Ep 219: Mental Health Professionals: Why So Liberal?

Surveys find that psychologists tend to align themselves with a liberal political orientation. Why is that? Are liberal-minded people drawn to human service professions or is there something about working in human services that causes people to become more liberal in their political views? In this episode I propose a few ideas that I think explains why mental health professionals tend to be on the liberal side of the political spectrum. I invite your constructive feedback on these suggestions.


Resources on Psychology and Politics

Polarized Psychology: Is Science Devalued in a Divided Society?

90.6 percent of social and personality psychologists describe themselves as liberal on social issues (compared with 3.9 percent who describe themselves as conservative), and 63.2 percent describe themselves as liberal on economic issues (compared with 10.3 percent who describe themselves as conservative). Overall, they found a liberal-to-conservative ratio of 14:1. – Polarized Psycholgy


Suggestions as to Why Mental Health Workers Tend to Have a Liberal Political Orientation

  • Mental health workers spend their days in direct contact with people who, because of their mental/emotional/situational challenges, are simply not able to “pull themselves up by their own bootstraps”. They need assistance, often in the form of social programs, to be able to do this.
  • Social programs often require government assistance, which often means increased taxes. Conservatives are typically in favor of lowering taxes and less government intervention.
  • The branch of psychology called Social Psychology focuses on external causes of behavior. Studies such as those by Stanley Milgram, Solomon Asch, Henri Tajfel, and Philip Zimbardo demonstrate that our behavior, thoughts and feelings are often strongly influenced by our surroundings. Conservatives tend to focus on the individual.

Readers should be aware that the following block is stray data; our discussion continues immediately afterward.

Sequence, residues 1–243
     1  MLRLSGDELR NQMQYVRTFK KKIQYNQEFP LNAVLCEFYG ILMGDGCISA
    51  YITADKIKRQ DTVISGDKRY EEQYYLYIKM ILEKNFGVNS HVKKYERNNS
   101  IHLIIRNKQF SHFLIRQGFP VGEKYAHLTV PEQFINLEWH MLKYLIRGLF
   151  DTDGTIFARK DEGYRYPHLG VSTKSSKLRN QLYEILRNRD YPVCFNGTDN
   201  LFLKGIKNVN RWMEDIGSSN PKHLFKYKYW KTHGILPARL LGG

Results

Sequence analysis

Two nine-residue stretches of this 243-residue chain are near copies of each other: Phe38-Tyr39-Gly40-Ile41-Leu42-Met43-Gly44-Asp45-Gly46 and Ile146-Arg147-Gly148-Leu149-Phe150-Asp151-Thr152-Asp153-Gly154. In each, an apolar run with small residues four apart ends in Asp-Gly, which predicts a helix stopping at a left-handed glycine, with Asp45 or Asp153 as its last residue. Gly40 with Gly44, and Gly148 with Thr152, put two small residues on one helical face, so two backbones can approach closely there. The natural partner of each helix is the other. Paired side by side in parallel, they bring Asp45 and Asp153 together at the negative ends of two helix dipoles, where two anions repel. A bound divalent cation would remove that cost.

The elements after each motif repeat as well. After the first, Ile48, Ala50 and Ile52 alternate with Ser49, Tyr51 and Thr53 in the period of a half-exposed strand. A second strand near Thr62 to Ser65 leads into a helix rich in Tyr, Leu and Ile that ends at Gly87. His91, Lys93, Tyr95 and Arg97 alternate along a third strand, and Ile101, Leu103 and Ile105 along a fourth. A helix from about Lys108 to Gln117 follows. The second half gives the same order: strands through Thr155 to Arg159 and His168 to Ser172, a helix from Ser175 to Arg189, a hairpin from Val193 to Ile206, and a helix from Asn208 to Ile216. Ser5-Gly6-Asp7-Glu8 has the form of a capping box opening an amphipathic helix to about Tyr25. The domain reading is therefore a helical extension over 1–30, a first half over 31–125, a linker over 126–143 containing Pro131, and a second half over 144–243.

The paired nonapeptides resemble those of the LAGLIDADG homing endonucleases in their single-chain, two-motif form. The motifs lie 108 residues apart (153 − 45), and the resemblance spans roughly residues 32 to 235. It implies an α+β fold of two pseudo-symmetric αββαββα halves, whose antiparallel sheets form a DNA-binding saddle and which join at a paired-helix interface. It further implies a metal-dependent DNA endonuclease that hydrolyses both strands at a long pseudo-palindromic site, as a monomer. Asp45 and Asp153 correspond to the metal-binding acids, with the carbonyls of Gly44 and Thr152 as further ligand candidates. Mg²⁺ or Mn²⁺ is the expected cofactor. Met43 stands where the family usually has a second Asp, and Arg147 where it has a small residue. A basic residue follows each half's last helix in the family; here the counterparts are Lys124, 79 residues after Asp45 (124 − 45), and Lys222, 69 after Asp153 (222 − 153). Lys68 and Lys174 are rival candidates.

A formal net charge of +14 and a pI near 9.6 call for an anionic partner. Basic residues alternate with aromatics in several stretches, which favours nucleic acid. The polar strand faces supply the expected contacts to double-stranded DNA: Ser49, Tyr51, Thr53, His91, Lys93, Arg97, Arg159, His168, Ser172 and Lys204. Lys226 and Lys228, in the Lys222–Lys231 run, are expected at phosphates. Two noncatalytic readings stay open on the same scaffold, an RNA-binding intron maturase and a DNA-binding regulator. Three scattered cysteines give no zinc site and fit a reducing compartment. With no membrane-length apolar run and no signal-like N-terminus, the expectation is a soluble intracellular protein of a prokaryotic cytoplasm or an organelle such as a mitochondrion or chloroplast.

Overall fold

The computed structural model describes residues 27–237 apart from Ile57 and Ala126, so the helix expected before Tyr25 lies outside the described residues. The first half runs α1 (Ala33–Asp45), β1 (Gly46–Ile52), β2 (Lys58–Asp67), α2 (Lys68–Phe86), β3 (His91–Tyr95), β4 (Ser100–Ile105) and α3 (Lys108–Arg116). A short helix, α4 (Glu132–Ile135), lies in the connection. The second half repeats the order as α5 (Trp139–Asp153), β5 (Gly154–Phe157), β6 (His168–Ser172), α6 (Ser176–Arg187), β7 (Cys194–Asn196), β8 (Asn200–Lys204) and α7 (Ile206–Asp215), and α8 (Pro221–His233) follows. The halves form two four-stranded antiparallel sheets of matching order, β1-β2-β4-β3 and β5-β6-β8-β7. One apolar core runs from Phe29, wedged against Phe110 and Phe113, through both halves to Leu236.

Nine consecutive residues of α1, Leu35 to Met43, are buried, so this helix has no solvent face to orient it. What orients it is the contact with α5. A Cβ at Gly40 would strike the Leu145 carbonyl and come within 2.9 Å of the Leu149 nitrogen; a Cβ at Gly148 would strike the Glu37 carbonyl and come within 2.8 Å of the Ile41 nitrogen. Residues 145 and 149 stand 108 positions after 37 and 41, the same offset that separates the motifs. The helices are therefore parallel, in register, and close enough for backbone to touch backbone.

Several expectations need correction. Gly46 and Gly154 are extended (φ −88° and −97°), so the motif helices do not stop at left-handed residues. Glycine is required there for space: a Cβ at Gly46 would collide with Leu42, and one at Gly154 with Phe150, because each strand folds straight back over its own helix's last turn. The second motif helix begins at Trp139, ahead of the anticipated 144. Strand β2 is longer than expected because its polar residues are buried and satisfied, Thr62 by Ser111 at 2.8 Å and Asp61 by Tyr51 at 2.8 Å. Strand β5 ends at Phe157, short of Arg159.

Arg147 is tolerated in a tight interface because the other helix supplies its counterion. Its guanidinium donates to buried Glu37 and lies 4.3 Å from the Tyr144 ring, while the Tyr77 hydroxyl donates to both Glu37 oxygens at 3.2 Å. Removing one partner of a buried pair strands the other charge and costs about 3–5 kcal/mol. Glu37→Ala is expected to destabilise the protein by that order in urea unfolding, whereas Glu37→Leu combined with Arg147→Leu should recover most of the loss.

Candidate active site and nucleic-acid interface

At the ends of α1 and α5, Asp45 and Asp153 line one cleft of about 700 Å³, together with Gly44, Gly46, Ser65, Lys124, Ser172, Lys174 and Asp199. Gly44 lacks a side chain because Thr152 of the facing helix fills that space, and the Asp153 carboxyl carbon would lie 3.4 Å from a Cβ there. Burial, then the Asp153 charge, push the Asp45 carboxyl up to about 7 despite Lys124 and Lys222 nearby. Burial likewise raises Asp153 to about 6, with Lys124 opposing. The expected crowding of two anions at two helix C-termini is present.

• Another large branch of psychology – Behaviorism – also focuses on the influence of reinforcers in our environment and how they can make us behave, think and feel. Thus, to change people (from this perspective) requires changes in the environment (e.g., social programs).


I mentioned the “Filter Bubble” in this episode – the fact that the information we are exposed to from TV and from the web is often tailored only toward what organizations (particularly those that want to sell you something) think you would agree with. Thus, it is very hard to get an accurate picture of what is really happening in the world.

The Filter Bubble


Ep 217: Let’s Be Honest: Is Your Dog Really Intelligent?

Are Dogs (or Cats) Really Smart?It’s easy to find videos on the web of animals showing what appears to be some pretty smart behavior. But is it really “smarts”? How can you tell? In this episode I’ll point out examples that look like intelligence but probably aren’t – as well as an example of animal behavior that is really hard to dismiss as anything but “smarts”. In doing so we’ll talk about the behavioral principle of “chaining” – the method by which you can get animals – and humans – to display some pretty sophisticated and complex behavior as the result of reinforcement, prompts and cues.


Ep 192: An Example of How Psychoanalysts Really Interpret Dreams